Graphic designers, lend me your ears, and opinions

Right now I work as the art director for a small, locally published but nationally distributed jazz magazine. This morning I got a call from a guy who used to be one of our editors, who is now living in Pennsylvania. He has a mind to start his own local rag, along the same lines, content-wise, as The New Yorker, but for his locale. He called me for some info on how long it takes me to do my job, what’s needed, basically just picking my brain. But the conversation slid towards the possibility of my actually doing to job for him myself, from here. I certainly have the time after-hours, that doesn’t concern me.

But the long-distance thing does, somewhat. I’ve never done a graphic-design project long-distance like that, and I wonder what kinds of hurdles I might run into if I were to take the job on. Anyone have any anecdotes about doing such a thing that they’d like to share? Anyone know of any resources, either online or software, that would help in doing a job like this?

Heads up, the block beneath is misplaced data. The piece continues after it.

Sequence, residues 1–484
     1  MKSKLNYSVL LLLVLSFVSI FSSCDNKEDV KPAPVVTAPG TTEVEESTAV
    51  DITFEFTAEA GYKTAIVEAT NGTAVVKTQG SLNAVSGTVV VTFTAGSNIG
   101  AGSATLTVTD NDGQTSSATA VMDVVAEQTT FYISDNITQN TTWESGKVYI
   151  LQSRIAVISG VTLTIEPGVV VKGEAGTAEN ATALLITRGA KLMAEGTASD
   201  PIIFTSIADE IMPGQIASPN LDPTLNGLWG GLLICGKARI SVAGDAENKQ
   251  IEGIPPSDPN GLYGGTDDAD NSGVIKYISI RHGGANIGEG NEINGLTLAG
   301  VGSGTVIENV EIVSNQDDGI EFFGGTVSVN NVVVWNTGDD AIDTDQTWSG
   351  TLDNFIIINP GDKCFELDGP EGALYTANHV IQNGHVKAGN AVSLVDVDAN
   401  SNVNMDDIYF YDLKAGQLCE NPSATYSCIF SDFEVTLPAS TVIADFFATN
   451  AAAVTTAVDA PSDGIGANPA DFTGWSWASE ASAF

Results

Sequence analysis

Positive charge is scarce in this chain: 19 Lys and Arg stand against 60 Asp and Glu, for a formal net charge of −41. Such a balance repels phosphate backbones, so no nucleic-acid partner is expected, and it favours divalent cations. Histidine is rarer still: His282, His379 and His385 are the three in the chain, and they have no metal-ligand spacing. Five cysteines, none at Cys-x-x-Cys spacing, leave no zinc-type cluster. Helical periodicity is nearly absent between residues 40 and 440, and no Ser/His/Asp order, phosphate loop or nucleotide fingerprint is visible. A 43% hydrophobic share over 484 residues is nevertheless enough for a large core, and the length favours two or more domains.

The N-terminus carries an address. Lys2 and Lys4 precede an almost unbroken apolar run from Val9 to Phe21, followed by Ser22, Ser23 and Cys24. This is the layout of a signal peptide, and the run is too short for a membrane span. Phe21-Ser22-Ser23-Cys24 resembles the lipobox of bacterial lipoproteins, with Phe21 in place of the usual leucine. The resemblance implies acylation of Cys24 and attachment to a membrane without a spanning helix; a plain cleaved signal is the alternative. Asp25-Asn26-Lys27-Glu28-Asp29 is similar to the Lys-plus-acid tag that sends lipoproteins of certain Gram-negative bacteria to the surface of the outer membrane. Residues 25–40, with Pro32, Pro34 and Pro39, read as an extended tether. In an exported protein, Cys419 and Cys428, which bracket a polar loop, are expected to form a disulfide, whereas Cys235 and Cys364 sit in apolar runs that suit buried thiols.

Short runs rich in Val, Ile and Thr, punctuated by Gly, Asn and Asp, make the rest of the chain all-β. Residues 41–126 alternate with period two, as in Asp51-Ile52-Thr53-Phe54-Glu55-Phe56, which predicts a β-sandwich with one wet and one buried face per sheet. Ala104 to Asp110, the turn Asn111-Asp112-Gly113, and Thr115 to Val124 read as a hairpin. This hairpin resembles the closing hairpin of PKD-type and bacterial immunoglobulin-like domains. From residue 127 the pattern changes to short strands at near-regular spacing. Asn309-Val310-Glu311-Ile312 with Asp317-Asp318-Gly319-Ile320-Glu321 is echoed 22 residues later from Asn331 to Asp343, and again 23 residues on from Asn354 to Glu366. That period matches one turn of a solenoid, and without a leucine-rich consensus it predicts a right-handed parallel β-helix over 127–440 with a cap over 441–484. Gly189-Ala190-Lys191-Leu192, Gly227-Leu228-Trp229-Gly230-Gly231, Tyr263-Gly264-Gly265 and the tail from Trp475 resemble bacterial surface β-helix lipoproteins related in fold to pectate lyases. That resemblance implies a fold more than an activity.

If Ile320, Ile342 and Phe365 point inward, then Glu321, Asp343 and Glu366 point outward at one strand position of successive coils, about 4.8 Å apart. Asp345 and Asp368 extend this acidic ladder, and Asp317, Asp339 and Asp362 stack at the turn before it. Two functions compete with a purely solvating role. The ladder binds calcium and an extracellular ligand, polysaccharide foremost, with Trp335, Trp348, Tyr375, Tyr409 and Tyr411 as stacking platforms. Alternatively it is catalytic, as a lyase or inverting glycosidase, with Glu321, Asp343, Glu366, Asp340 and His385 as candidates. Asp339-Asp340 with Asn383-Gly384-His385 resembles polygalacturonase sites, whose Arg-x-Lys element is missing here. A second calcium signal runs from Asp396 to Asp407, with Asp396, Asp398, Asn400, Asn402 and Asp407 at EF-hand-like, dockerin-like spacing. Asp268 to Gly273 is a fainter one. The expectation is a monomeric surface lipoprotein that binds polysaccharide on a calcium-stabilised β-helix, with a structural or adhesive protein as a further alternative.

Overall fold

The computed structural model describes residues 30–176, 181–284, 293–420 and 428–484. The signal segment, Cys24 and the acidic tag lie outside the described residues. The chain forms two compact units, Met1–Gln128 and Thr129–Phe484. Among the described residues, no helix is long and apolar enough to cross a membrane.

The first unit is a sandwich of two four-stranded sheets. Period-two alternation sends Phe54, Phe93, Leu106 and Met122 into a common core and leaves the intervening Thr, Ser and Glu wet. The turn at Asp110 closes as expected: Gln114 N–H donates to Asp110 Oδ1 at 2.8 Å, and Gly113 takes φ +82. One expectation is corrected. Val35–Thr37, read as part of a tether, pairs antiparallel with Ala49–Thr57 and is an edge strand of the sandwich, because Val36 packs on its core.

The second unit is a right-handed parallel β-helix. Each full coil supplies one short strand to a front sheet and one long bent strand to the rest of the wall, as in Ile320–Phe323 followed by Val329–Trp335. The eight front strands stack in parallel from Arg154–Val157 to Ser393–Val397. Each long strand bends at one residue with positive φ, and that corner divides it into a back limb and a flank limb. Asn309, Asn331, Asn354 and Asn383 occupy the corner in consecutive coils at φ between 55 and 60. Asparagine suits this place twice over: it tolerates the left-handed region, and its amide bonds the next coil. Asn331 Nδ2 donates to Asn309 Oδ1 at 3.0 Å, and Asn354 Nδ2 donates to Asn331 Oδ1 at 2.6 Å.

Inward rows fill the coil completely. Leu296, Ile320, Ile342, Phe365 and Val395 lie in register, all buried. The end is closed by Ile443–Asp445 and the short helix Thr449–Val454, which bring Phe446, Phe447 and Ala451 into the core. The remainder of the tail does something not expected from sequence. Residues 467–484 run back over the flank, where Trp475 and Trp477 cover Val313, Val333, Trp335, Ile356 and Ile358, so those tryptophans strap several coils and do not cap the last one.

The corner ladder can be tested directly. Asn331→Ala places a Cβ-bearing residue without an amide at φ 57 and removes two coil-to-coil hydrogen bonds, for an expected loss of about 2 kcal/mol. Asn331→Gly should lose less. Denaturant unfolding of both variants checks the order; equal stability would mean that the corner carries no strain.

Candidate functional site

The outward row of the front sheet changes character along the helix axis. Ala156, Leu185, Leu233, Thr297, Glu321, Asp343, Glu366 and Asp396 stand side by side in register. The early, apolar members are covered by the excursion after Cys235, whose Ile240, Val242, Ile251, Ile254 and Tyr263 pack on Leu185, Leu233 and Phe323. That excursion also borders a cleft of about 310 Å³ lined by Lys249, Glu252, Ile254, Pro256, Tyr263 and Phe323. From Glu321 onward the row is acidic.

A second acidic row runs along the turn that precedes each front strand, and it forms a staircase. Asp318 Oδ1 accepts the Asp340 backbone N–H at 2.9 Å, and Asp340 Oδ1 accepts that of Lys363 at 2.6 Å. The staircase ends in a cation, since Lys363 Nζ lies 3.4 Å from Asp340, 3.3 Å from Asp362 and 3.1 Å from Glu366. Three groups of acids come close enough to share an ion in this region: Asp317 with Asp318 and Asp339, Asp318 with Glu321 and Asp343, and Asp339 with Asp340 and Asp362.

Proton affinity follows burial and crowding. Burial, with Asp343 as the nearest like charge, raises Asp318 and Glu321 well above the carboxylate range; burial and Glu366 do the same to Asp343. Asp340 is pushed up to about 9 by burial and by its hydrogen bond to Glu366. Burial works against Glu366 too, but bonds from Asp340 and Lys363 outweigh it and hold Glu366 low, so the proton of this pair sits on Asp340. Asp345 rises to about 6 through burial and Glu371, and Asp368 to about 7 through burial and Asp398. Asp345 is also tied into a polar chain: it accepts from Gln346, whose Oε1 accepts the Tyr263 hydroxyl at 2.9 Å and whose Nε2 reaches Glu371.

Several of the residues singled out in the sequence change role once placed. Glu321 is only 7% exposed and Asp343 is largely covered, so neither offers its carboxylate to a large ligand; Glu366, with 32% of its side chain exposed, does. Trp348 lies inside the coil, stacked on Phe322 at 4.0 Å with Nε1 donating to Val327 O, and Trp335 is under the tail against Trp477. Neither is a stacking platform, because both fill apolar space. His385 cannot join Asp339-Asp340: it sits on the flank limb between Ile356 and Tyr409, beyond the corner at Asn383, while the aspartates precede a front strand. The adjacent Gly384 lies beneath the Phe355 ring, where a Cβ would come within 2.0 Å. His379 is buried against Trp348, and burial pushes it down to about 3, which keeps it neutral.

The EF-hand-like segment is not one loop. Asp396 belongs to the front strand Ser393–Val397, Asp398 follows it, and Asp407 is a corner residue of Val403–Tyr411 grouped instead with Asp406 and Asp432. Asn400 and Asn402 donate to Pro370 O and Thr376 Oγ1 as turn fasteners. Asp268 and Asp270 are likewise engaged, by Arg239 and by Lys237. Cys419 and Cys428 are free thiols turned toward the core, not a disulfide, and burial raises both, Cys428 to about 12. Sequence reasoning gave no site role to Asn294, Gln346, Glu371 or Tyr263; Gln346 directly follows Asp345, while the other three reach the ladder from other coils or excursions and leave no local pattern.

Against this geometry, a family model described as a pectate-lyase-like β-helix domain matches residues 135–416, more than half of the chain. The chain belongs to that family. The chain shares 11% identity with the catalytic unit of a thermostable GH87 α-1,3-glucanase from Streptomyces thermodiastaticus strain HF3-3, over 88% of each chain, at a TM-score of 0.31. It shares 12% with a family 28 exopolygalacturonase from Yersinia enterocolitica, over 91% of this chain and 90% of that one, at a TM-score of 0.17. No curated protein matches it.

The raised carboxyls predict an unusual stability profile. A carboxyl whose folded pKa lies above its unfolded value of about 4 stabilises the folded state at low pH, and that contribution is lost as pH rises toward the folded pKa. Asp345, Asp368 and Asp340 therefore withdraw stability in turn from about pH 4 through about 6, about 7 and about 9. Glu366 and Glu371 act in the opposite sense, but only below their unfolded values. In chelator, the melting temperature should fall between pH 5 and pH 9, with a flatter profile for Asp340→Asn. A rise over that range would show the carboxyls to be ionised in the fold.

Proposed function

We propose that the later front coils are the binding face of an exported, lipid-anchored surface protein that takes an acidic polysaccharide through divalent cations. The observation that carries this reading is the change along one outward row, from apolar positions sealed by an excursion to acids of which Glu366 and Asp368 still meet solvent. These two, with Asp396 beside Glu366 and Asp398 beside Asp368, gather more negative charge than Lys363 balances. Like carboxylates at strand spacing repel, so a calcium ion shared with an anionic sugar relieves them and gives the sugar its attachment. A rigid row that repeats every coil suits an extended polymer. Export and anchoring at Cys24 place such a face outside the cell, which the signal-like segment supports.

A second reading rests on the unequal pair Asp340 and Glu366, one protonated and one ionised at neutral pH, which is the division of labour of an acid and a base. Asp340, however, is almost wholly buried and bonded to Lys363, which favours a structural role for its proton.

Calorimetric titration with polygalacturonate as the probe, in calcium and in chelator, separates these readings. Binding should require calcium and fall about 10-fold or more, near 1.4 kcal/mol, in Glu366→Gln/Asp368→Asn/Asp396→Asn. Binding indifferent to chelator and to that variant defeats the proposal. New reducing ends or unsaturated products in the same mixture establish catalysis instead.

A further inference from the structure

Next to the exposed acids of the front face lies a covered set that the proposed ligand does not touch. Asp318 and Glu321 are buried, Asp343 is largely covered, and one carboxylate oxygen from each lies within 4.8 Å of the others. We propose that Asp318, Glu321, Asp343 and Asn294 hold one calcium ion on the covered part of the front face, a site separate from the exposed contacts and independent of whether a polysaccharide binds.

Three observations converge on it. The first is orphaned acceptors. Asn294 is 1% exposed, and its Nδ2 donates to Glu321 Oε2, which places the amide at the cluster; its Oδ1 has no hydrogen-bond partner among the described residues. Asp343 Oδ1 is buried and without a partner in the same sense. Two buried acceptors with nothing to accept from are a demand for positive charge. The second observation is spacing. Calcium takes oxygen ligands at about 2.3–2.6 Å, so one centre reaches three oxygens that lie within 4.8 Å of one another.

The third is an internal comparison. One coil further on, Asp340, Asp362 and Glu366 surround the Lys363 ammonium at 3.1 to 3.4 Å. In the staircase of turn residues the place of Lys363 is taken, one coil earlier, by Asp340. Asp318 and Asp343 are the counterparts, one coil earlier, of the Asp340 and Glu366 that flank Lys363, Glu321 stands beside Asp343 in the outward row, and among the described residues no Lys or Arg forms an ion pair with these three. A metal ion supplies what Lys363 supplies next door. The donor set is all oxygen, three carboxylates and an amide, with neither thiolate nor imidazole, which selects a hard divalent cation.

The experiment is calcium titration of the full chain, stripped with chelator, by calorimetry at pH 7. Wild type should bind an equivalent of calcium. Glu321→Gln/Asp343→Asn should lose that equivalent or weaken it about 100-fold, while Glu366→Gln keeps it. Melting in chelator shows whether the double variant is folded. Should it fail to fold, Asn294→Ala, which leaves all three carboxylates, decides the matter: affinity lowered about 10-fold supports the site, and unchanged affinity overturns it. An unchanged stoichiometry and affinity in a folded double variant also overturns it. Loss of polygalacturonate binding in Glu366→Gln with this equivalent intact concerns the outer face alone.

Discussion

Thanks in advance for any help.

I am a creative director and I work 100% from home, both fulltime for a CA company and freelance for companies all over. The number 1 issue with working remotely is: you will be out of the loop. Many decisions are made with random chitchat while getting coffee or just dropping by someone’s office, and you won’t be in on that. Make sure you are in some sort of weekly meeting that goes over not only your projects but everything that’s going on and being planned. And see if you can get everyone on instant messenger, it is helpful for the kind of quick questions you’d normally stop by someone’s desk to ask. If you are working afterhours, it will be trickier since the people you want to talk to may very well be gone for the day, which delays things dramatically. If you will be the art director, will you have to supervise people who are working regular hours while you work only afterhours?

No, it’ll just be me on the creative side (as it is now in my real day job, I do everything myself). Pretty much the same for the guy who’s going to be publishing. He’s planning on doing most of the work himself, which I think is going to be a hell of a lot of work, but it’s his gig. So I’d really only be working with him, and I don’t think communication would be much of a problem. My current job is flexible enough that I can take calls, deal with other things, or even leave the office if necessary, as long as I get things done on time.

The random chitchat thing is one aspect that actually bothers him. He likes the face to face back-and-forth thing, and isn’t sure he’d be able to work with someone that’s not within visiting distance.